It is Unconstitutional and a Clear Violation of DHS Policy
Yesterday, directly contradicting decades-old Supreme Court case law and federal policy on immigration enforcement around schools, U.S. Secretary of Education Betsy DeVos argued that individual schools can decide to report students and families to immigration enforcement.
U.S. Supreme Court law ensures undocumented children are entitled to public education. As the Supreme Court ruled in 1982 in Plyler v. Doe, states cannot, on account of immigration status, deny students public education.
The Supreme Court stated: “If the State is to deny a discrete group of innocent children the free public education that it offers to other children residing within its borders, that denial must be justified by a showing that it furthers some substantial state interest. No such showing was made here.” This decision has protected and enriched the lives of undocumented children for over thirty years.
As Moriah Balingit of Washington Post reported,
The Supreme Court made clear in Plyler v. Doe that public schools have a constitutional obligation to provide schooling for children, regardless of immigration status. That means schools also cannot enforce measures that would deter undocumented children from registering. They cannot ask about immigration status. And according to the American Civil Liberties Union, they cannot report students or their families to Immigration and Customs Enforcement. “Let’s be clear: Any school that reports a child to ICE would violate the Constitution. The Supreme Court has made clear that every child in America has a right to a basic education, regardless of immigration status,” Lorella Praeli, the ACLU’s director of immigration policy and campaigns, said in a statement. “Secretary DeVos is once again wrong.”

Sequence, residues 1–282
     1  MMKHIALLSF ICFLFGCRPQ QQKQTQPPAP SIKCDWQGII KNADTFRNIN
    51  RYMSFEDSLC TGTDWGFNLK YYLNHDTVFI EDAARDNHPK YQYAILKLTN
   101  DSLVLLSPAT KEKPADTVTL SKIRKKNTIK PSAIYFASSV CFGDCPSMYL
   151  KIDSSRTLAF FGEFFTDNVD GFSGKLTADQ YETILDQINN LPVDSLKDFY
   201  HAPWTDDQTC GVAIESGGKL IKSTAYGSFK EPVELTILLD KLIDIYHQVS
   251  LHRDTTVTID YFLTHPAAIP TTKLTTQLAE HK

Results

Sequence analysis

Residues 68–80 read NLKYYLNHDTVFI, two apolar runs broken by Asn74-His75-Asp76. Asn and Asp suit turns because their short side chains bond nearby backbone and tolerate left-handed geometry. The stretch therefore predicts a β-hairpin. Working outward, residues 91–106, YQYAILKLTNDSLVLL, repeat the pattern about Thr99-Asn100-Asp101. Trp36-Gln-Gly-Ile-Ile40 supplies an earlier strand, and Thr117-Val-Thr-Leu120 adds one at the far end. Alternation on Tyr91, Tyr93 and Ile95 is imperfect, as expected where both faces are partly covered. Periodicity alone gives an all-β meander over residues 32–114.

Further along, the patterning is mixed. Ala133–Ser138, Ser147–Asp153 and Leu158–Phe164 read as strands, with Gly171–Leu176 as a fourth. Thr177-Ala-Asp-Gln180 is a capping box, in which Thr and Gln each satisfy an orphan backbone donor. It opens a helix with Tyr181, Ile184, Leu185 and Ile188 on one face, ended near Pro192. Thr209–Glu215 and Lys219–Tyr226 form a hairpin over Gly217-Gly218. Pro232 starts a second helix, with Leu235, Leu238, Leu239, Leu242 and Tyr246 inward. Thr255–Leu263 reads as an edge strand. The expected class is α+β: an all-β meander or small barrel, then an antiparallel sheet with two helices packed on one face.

Also as noted by Moriah Balingit of the Washington Post, other attempts by states, such as California and Alabama, to bar or deter undocumented immigrants from public education have similarly been struck by courts.
Further, the Secretary of Education’s statement contradicts ICE policy, implemented in 2011 and confirmed to be in effect today, which ensures that ICE enforcement actions do not take place at schools, except in very specific circumstances:
- Where exigent circumstances exist;
- When other law enforcement actions that have led officers to a sensitive location; or
- Where prior approval is obtained from a designated supervisory official.
So, despite DeVos’s desire to paint a target on our children’s schools, she is shackled by the law, policy, and precedent.